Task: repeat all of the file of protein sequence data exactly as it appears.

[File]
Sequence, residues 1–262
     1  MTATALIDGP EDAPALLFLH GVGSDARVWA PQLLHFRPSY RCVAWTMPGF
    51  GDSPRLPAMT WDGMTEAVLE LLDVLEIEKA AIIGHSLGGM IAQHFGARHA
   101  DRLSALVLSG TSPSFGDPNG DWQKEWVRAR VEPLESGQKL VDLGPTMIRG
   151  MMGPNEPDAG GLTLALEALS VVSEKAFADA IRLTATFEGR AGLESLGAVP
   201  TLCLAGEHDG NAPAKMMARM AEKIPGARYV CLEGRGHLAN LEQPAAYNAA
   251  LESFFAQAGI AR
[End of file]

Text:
Sequence, residues 1–262
     1  MTATALIDGP EDAPALLFLH GVGSDARVWA PQLLHFRPSY RCVAWTMPGF
    51  GDSPRLPAMT WDGMTEAVLE LLDVLEIEKA AIIGHSLGGM IAQHFGARHA
   101  DRLSALVLSG TSPSFGDPNG DWQKEWVRAR VEPLESGQKL VDLGPTMIRG
   151  MMGPNEPDAG GLTLALEALS VVSEKAFADA IRLTATFEGR AGLESLGAVP
   201  TLCLAGEHDG NAPAKMMARM AEKIPGARYV CLEGRGHLAN LEQPAAYNAA
   251  LESFFAQAGI AR